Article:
Many thanks to River Heart, the “lyric ensemble of medieval music and mystical tales” whose music and tales transported us to long-ago Ireland:  Peter Hughes, concert violinist; Steven Liebman, lutenist; Ed Merck, historical wind player; Alan O’Hare, the shenachie, who wandered in from the moors to tell us tales of village life in Ireland.  We are deeply grateful to them for their gift of a magical evening.

 A small group of Murray people began planning the evening in November of 2008 by defining the event.  We decided to offer food as well as entertainment, and the master chefs, led by Janet Richardi, provided delicious soups, breads and cookies, accompanied by mulled cider.  Amy Craig, a professional events planner, drew up a seating plan with tables arranged in a large U facing the fire in the hearth and a portable stage, generously loaned to us by the Norton Singers (thanks to Stephanie and Jeremy Paquette for hauling the stage in their truck, from and back to Peter Molitor’s barn). 

 Stephanie Paquette created an eye-catching poster, made tickets, and managed the pre-sale of tickets.  Monica Staaf and Mary Whelan distributed publicity widely.  Due to these efforts, we attracted a good audience of seventy people (we even had a response from California – due to the speed of electronic transmission – they declined the invitation). An energetic crew came in Friday and Saturday to set up and decorate the Unity Room.  Laurie Lawes recruited a super efficient staff who served the food, and she was cashier.  Jessie Hill arranged for babysitters so that families with young children could attend.  The kids were entertained by sitter Hunter Parent-Wetmore dressed as a medieval jester.  Some members of the audience and Murray presenters also wore costumes inspired by the Middle Ages.  Jim Richardi supervised the clean-up (and also fed logs to the fire to keep it lively and warm during the entertainment).  Thanks to Jim and the wonderful people who stepped up after the performance to put everything back in place.  At the end of the evening, Stephanie submitted a financial accounting, and we were able to contribute a net of $574 to the general funds of Murray Church.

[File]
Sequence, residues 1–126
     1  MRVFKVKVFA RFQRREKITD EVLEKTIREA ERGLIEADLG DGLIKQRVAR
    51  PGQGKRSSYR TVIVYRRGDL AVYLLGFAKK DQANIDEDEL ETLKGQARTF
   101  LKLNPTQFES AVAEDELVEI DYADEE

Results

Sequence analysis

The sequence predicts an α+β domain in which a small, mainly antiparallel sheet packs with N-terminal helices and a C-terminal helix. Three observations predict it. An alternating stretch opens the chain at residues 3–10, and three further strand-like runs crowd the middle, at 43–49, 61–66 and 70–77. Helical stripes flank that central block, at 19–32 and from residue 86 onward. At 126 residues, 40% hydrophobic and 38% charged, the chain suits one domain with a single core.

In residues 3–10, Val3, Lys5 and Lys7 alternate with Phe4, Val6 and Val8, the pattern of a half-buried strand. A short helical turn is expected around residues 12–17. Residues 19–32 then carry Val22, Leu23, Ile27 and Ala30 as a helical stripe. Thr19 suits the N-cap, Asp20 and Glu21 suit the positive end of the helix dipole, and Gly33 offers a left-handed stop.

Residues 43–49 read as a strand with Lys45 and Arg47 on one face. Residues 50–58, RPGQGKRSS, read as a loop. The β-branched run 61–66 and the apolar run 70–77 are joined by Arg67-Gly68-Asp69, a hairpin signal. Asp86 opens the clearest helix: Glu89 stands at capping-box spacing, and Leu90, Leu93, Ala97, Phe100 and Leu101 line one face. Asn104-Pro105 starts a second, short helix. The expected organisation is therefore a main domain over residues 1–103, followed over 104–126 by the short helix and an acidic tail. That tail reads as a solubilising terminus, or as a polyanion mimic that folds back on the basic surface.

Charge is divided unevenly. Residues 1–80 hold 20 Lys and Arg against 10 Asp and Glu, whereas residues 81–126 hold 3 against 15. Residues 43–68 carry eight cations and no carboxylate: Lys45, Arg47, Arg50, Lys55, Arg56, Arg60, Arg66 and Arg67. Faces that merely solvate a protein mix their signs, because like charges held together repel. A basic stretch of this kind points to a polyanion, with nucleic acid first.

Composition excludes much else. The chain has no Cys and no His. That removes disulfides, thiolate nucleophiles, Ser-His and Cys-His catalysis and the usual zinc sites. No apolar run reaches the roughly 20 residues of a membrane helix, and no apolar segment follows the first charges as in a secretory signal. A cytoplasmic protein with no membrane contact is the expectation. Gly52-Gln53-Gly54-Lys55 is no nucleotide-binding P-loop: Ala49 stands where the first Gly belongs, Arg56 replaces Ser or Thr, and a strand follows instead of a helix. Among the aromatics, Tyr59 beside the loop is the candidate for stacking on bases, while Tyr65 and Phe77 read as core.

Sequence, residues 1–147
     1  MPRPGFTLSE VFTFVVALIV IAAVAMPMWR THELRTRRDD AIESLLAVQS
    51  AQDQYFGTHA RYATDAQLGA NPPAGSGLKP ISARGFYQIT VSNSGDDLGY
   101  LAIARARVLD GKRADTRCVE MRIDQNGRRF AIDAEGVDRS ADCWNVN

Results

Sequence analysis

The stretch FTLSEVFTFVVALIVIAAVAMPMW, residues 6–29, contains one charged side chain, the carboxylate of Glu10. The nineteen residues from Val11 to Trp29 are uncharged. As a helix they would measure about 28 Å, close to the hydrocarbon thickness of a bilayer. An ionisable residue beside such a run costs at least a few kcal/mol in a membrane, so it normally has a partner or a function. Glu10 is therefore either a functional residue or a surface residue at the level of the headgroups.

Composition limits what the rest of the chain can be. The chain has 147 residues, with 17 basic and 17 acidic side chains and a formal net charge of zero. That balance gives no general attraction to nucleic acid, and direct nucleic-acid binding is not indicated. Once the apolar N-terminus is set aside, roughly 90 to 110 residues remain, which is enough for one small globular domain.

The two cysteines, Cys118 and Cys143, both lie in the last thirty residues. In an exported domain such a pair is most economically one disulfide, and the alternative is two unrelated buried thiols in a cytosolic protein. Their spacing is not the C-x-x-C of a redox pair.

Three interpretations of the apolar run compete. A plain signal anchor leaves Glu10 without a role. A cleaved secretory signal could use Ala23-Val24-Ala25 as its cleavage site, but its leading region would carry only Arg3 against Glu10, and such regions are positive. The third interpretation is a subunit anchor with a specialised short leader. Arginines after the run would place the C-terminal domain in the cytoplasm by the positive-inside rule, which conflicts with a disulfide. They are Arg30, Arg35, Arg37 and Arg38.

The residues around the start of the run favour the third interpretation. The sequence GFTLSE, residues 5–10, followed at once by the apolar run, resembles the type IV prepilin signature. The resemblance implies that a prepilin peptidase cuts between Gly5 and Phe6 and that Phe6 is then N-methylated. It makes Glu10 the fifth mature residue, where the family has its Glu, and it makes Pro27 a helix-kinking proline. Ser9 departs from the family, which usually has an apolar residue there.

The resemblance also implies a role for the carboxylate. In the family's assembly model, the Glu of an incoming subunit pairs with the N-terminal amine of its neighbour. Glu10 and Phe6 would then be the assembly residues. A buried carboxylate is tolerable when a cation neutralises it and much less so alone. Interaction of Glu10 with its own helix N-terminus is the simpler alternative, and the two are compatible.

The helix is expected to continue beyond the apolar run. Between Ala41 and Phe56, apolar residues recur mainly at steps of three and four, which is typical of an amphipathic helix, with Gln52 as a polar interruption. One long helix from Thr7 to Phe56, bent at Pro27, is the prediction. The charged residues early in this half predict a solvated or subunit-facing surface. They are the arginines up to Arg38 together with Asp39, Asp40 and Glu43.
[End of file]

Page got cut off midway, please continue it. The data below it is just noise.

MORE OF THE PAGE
The collaboration, creativity, and energy shown by Murray people in preparing and presenting Medieval Revelry were amazing!  It shouldn’t be a surprise, since we have lots of practice from the annualholiday fair, but this new kind of event required a real stretch of abilities.   The coordination called to mind a flock of birds which suddenly take off from their huddled perching and fly as a group, swirling and swooping at great speed, then just as quickly and efficiently land altogether back on the tree or rooftop.  At Murray, for Medieval Revelry, each person took responsibility for a certain area, and just did the job.  Everyone deserves a huge “thanks!”  Yet each one contributes willingly and generously without expectation of any reward other than the satisfaction of a job well done and benefit for the church.  It makes sense of the old saying, “virtue is its own reward.”  The word “virtue,” or “vertu,” originally meant “strength;” indeed, the good works of Murray people are what make the Church so strong!

 return to top

Please refer to the Universalist newsletter (click here) for the latest Musical Happenings.